- Mr Baird was a big user of social media during his time as premier of NSW
- He even used Twitter to announce his planned exit from politics in January
- At the time he said part of the reason he decided to quit was that his parents and sister were facing serious health issues
Former NSW premier Mike Baird has revealed that part of the reason behind his shock decision to quit politics was because his three children were being bullied.
Mr Baird says his daughters were bullied ‘horrendously’ on social media as a result of some of his controversial policies, including Sydney’s lock-out laws.
His eldest daughter Laura even moved from Sydney to Port Macquarie to escape the bullying.
Former NSW premier Mike Baird revealed that part of the reason behind his decision to quit politics was because his three children were being bullied. Above, Baird and his family in 2014
‘They are not things you obviously share at the time. But any parent will know how that feels,’ Mr Baird told the Australian Financial Review on Thursday.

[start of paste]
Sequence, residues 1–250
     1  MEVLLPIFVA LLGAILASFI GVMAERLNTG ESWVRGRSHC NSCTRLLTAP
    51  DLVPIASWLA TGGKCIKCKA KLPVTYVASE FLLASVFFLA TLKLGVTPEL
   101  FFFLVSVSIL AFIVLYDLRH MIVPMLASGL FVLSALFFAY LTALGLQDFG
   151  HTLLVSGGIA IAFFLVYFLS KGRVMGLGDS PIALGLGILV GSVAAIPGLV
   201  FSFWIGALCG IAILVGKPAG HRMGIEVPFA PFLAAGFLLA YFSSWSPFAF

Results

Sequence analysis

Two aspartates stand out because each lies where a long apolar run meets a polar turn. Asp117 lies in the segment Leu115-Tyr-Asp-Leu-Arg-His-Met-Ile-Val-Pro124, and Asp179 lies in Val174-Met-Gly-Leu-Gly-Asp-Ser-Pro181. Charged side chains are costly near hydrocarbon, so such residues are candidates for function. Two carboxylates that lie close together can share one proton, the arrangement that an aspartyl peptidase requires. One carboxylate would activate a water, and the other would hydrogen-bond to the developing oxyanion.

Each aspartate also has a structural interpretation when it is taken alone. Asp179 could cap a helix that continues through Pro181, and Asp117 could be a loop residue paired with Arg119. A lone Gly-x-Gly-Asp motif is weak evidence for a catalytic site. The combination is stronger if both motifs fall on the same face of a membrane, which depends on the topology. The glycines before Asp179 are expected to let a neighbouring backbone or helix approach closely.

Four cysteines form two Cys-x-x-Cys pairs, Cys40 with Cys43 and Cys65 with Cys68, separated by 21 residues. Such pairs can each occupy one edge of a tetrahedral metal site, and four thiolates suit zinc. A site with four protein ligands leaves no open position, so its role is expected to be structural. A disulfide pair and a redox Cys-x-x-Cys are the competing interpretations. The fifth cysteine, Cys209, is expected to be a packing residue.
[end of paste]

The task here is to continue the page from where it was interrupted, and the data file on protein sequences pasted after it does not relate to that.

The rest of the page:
Mr Baird was a big user of social media during his time as premier, and even used Twitter to announce his planned exit from politics in January.
At the time he said part of the reason for his decision to walk away after two years and nine months as premier was that his parents and sister were facing serious health issues and he wanted to spend more time with them.
NSW Premier Mike Baird with his family at the NSW Liberal campaign launch in Sydney in 2015
Protesters holding banners as part of the March Against Baird rally in Sydney on May 29, 2016
Once the most popular politician in the country, Mr Baird endured a tough 2016, copping criticism over his controversial council amalgamation policy and lock-out laws, as well as suffering a humiliating backdown on his bid to ban greyhound racing in NSW.
But he insists he never wanted to stay in politics indefinitely.
‘A lot of people who are cynical haven’t been there where there are TV cameras in front of the house early in the morning when your kids are just trying to get ready for school,’ he told the AFR.
Mr Baird also defended his decision to take a senior executive job with National Australia Bank just six weeks after quitting politics.
‘I needed to get a job,’ he said.